Many parents rely on child support payments to help take care of their children. When ex-spouses stop paying child support, the custodial parent may suffer a lapse in income necessary to put food on the table and pay expenses.

A single parent in this situation may think they cannot force their ex-spouse to provide child support payments, but courts do have the authority to enforce child support orders. If the other parent does not make these payments, they are considered in arrears, meaning they owe back payments and must pay the full amount owed to the custodial parent.

Collecting child support

The custodial parent may ask a district attorney to meet with their ex-spouse to discuss the situation and set up a payment schedule. There are also options for collecting payment if the parent who owes money lives out of state. If that parent is under the jurisdiction of a different court, the custodial parent can ask the court to transfer the child support order.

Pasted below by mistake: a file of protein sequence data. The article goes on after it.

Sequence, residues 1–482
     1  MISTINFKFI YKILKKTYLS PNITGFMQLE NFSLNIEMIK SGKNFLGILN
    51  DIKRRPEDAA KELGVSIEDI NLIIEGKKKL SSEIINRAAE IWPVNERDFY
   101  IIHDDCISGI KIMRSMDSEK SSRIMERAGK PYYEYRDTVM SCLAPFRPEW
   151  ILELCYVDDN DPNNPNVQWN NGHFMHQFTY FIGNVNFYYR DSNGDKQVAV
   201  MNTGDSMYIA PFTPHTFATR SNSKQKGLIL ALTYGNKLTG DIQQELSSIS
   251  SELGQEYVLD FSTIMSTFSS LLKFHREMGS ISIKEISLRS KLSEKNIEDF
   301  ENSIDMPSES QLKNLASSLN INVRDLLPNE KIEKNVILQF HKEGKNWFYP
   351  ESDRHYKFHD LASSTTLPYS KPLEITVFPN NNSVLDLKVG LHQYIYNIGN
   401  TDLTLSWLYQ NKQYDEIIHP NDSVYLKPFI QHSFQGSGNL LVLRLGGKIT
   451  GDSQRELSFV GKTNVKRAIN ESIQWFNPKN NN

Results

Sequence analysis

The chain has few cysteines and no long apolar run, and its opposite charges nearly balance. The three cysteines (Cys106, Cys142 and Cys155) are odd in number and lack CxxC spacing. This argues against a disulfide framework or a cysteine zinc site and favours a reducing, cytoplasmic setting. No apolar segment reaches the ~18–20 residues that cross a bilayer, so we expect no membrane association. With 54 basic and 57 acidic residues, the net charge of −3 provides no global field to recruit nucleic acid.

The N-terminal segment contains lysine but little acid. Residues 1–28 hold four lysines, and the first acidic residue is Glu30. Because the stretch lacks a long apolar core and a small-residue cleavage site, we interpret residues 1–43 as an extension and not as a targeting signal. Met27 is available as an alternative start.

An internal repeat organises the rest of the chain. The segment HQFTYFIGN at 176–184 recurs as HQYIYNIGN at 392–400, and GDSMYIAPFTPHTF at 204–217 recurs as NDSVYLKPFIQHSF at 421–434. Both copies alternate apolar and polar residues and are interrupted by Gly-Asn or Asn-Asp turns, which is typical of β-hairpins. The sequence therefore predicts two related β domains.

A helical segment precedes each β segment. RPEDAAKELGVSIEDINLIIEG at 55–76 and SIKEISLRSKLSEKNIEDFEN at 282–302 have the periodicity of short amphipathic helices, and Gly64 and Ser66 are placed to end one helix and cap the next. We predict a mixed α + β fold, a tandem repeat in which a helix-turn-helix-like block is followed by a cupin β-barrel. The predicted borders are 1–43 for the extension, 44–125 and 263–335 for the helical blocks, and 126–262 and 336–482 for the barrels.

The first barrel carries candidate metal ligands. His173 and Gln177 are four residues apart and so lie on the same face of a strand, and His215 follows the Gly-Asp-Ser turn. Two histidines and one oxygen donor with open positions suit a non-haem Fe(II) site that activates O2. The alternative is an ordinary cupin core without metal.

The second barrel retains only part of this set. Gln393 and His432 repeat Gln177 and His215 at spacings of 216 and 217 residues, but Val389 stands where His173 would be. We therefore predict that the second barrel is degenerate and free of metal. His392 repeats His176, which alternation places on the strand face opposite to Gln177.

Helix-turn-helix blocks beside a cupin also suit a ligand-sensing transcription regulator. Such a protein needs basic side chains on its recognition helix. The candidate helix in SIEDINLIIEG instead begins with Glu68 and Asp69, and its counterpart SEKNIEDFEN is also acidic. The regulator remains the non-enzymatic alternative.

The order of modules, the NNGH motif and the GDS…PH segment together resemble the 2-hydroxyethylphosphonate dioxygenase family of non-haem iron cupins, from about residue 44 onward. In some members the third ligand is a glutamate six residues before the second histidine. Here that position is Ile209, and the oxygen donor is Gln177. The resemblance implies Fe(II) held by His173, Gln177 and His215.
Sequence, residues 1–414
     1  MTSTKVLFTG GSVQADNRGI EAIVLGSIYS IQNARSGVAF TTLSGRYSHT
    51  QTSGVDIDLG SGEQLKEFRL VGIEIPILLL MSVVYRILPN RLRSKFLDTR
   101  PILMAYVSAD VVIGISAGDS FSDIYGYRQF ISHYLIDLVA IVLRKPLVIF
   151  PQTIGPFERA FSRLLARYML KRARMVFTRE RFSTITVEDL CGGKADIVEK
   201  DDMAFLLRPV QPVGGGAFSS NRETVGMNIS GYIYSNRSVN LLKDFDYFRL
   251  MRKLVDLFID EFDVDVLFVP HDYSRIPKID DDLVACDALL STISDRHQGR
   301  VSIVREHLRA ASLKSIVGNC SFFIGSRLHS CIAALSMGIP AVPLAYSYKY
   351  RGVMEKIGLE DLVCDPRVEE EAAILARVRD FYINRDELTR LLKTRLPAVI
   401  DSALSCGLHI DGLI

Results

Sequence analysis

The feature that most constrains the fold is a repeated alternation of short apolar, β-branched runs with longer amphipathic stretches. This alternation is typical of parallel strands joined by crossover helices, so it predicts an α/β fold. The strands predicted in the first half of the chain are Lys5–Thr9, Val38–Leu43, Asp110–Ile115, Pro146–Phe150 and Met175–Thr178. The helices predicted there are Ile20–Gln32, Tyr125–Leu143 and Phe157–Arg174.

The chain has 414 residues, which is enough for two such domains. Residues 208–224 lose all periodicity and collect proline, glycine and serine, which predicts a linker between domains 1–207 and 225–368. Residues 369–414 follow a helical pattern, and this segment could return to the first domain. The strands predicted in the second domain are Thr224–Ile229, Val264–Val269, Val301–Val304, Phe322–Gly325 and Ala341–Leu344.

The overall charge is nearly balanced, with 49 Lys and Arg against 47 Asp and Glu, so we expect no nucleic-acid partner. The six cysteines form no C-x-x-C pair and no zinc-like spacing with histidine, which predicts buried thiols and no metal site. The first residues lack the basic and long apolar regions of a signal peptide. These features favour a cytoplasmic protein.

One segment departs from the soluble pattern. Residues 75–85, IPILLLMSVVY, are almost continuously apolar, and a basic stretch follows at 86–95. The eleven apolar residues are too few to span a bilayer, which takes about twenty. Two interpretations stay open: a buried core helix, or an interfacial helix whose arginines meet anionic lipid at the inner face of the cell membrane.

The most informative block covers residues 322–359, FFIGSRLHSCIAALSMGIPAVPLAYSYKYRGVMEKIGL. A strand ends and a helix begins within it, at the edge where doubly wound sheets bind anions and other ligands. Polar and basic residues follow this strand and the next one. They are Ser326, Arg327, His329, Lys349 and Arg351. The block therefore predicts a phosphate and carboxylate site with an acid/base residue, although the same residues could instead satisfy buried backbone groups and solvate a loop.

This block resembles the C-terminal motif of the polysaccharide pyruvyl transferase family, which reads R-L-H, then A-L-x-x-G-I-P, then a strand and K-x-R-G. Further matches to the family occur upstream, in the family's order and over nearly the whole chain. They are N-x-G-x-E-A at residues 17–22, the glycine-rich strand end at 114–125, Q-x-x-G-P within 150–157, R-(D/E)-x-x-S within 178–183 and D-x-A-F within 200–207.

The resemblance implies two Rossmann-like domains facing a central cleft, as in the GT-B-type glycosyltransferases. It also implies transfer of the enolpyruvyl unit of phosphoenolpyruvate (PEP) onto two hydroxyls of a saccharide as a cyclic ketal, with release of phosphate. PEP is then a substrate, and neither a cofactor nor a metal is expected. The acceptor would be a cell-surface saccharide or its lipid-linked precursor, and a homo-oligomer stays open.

Consequences for withholding child support

If one parent refuses to pay child support, they may experience far-reaching consequences. The Administration for Children and Families says child support officials can take away tax refunds if child support payments are in arrears. These officials may also garnish a parent’s wages or federal benefits. Missed child support payments can also affect credit scores and, over time, can result in losing occupational licenses or driver’s licenses, or make it difficult to get a passport.

Custodial parents have many options for getting the child support they need. If their ex-spouse is in arrears, an attorney can help explore all these options.